No Win No Fee Work Injury Solicitors Help Injured Parties At No Cost To Themselves

No Win No Fee Agreements (also known as ‘Conditional Fee Agreements’) replaced legal aid as the main system of funding work injury compensation claims in 2000. Whereas legal aid was funded by the taxpayer, the No Win No Fee_system essentially transfers the financial risk involved in making a claim onto the firm of solicitors who agree to represent the injured party. Under the terms of a No Win~ No Fee Agreement a successful claimant will normally keep 100% of any damages awarded, with no deductions. The solicitors fees will be paid by the losing party to the claim. Where a claim is unsuccessful, the solicitor will not be paid, and will bear the associated costs (though they will normally have taken out insurance to cover this eventuality).
Proponents of the No Win` No Fee system argue that it has had many beneficial effects beyond saving taxpayers’ money. Essentially it has widened public access to legal services, as those claimants who previously did not meet the requirements for receiving legal aid, and were subsequently deterred by the potential costs of a failed claim, can now proceed on a risk and cost-free basis. In terms of injuries at work, this has had the knock-on effect of incentivising employers to enforce health and safety standards in the workplace, Family Law Retainer rather than face a rising number of claims from injured employees. The latest figures point to the ongoing success that the No Win No Fee system has had in driving up standards. The Health and Safety Executive (HSE) reports that 151 workers were killed between 1 April 2009 and 31 March 2010 compared to 178 deaths in the previous year, and an average number of 220 deaths per year over the last five years. The number of reported major injuries at work has also declined at a similarly consistent rate over the same period.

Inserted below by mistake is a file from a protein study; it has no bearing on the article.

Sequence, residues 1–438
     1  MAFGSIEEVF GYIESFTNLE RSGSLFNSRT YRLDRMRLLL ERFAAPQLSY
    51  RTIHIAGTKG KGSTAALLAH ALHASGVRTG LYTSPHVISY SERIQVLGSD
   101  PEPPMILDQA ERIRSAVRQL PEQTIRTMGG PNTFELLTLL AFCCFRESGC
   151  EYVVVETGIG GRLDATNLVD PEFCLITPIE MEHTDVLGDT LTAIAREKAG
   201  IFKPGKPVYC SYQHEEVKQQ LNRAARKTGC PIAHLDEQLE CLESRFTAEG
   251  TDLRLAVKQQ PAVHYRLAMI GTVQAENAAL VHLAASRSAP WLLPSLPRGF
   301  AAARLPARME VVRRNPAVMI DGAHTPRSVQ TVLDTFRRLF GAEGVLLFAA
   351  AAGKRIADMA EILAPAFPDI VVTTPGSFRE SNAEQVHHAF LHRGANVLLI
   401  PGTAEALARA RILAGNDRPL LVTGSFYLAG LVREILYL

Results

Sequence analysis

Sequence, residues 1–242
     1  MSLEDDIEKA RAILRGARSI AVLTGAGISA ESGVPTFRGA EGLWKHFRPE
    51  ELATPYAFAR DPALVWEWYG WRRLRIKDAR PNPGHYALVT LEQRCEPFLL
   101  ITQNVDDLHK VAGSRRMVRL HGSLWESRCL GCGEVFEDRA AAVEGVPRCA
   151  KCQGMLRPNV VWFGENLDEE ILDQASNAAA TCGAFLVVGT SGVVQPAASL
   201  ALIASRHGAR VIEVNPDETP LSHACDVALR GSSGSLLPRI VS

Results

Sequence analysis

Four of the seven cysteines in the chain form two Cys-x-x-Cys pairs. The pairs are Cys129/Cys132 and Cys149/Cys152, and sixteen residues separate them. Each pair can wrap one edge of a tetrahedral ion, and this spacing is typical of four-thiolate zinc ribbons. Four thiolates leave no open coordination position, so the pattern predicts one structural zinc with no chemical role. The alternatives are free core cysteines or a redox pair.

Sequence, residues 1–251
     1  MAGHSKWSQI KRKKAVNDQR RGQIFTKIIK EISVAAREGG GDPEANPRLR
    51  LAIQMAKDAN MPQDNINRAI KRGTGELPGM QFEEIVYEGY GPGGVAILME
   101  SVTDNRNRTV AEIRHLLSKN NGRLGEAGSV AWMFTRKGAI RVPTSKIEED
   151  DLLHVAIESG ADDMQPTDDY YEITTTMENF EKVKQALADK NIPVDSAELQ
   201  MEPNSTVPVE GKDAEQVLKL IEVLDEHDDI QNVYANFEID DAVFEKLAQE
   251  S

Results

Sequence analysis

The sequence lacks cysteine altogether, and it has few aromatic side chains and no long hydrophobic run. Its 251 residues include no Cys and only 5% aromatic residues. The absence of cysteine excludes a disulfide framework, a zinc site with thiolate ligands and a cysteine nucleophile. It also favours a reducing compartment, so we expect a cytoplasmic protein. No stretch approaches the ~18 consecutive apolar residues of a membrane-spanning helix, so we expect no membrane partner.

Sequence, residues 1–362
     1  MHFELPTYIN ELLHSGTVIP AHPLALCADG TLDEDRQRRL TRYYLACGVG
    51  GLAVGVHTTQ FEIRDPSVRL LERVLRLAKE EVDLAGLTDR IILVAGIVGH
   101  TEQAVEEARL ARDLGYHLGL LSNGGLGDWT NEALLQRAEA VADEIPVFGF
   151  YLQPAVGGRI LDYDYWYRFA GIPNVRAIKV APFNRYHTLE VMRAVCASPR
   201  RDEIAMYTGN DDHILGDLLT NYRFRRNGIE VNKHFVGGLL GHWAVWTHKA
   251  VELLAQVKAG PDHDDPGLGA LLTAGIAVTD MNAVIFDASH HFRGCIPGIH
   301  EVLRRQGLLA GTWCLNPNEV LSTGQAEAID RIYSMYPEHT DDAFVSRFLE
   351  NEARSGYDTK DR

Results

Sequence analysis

Those involved in workplace accidents should seek the advice of specialist No Win No-Fee work injury solicitors, rather than a Claims Management Company (CMC). There are several reasons for this. Firstly solicitors firms are regulated by the Solicitors Regulation Authority, which imposes strict standards of practice on its members. Claims Management Companies are comparatively unregulated, and hence often less transparent in their sales practices and fee structures. 5 Types Of Tier 3 Crashes Secondly solicitors firms employ lawyers who are experts in particular areas of work injury law. One specialist solicitor will normally handle a case from start to finish, and provide a single point of contact during the claims process. The proliferation of Claims Management Companies over the past ten years and the collapse of several of the industry giants should be enough to make potential claimants think hard before engaging their services.
Compensation awarded to successful claimants will normally consist of two parts: ‘general damages’ and ‘special damages’. General damages are intended to compensate injured persons for pain and suffering, as well as the negative effects that an injury has had on their general quality of life. Special damages are intended to meet the financial costs associated with the injury. This includes the cost of medical treatment and loss of earnings due to time off work. In both cases, a specialist No Win No Fee” work accident solicitor will be best placed to provide advice that will help maximise these awards. Bartletts Solicitors have been defending workers and their rights since 1860, and have extensive experience with all types of work injury compensation claims.

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